I recently saw an announcement about an upcoming reading by Evie Shockley. I wondered about the term “reading” in relation to Evie’s newest book the new black, which offers a visual experience that requires readers to read in unconventional ways.
Just yesterday, I was looking at Evie’s book with Symmetry, one of the students in my black studies crew. We were preparing to head to an event organized by Eugene B. Redmond in East St. Louis, so we didn’t have enough time to talk about the poems in-depth.
But, we couldn’t resist pointing out all the intricately designed poems that amplify or vary the messages conveyed by the words in the piece. For instance, in her poem “x marks the spot,” she arranges combinations of two words, both of which begin with the letter a, in such a way that they resemble a large X.
Actually, each of the pairs of words begin with the letters “af” or “am” such as “affable african,” “amiable affliction,” affluent ambivalence,” and “affected american.” There's a jumble of words and thus ideas at the place at the cross-hair of X. That convergence of words and ideas in the middle say something about the vexing process of merging "african" and "american."
There’s another poem, “revisiting,” where every other line appears to the right. It’s an odd experience to read a poem take up so much of the full page, since poems are aligned along the left margin.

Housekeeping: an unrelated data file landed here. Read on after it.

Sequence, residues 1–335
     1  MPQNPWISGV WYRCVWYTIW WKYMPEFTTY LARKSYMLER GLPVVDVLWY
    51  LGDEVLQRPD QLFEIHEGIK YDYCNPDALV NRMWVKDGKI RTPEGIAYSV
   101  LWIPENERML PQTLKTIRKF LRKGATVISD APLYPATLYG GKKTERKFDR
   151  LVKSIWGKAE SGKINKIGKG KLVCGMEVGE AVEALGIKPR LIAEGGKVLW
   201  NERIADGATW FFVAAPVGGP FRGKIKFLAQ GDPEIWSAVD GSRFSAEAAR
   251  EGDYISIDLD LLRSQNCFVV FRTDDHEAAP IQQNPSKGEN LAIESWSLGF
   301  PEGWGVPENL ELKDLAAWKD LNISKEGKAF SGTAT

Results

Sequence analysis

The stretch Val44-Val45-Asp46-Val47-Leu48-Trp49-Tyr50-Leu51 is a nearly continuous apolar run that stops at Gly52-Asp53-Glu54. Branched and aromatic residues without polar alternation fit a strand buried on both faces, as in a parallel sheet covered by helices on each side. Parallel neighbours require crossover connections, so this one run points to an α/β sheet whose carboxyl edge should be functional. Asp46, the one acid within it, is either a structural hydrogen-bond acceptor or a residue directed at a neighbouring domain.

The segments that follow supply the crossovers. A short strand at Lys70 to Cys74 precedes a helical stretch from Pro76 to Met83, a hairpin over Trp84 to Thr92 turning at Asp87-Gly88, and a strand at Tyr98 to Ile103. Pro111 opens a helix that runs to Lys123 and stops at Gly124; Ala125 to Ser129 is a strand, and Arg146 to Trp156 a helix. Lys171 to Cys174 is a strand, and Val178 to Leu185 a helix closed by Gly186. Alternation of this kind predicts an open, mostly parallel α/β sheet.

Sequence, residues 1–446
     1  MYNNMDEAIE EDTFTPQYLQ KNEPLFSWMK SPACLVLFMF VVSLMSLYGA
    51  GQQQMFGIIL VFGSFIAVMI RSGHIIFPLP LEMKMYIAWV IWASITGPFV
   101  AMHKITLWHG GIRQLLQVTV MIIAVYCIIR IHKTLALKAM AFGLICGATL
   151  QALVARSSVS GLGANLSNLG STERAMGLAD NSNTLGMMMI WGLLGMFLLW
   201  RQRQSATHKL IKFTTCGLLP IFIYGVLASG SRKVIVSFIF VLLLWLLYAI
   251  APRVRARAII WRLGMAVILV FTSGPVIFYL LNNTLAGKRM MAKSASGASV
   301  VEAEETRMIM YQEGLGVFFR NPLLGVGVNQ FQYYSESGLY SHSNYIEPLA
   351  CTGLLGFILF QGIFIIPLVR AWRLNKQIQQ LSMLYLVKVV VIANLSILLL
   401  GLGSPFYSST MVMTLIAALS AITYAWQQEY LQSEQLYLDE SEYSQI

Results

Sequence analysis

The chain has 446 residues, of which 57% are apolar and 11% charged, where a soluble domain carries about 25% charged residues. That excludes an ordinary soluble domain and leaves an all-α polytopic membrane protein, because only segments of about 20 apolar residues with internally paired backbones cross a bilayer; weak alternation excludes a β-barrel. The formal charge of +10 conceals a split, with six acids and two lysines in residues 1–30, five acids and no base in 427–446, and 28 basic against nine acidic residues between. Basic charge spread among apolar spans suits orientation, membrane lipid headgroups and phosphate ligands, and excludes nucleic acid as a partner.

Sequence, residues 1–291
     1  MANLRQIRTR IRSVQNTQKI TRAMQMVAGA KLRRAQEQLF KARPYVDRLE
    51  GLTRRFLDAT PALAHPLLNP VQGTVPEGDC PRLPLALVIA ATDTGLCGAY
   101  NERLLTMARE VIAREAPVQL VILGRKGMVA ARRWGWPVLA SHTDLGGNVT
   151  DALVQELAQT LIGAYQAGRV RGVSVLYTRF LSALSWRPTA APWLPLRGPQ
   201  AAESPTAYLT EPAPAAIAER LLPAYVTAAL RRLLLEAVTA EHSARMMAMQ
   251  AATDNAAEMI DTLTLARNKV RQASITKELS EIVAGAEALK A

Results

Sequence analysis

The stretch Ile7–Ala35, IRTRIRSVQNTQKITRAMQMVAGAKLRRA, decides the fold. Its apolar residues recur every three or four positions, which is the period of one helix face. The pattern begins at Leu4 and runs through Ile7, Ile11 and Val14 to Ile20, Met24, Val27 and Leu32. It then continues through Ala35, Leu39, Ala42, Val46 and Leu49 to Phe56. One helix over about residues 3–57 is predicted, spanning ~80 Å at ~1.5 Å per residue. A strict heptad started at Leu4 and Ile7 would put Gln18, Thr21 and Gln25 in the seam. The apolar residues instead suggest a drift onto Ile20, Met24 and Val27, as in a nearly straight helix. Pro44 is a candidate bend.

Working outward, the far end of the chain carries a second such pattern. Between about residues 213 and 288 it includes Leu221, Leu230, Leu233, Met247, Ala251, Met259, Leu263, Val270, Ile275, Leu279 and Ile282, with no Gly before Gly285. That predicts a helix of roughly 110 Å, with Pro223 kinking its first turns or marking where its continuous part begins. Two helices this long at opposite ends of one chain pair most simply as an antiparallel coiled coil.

Evie also has this other poem “explosives” where she scatters or stretches a seemingly simple phrase like “a bomb is a statement” across the page.
There’s another poem “at the musée de l'homme” that appears in the shape of a small circle or ball. The artistic design of the poem might be linked to its initial site of publication Oranges & Sardines (Poets/Artists), which goes the extra step in producing really visually stimulating material. [See the online issue of the magazine where a version of Evie Shockley’s "at the musée de l'homme" appeared. You'll need to scroll through to page 42.]
Overall, Evie Shockley’s the new black is filled with many hard and heavy poems with words that convey powerful ideas. At the same time, the elaborate and sometimes bodacious designs of some of the poems in the book require various double-takes, at the very least.
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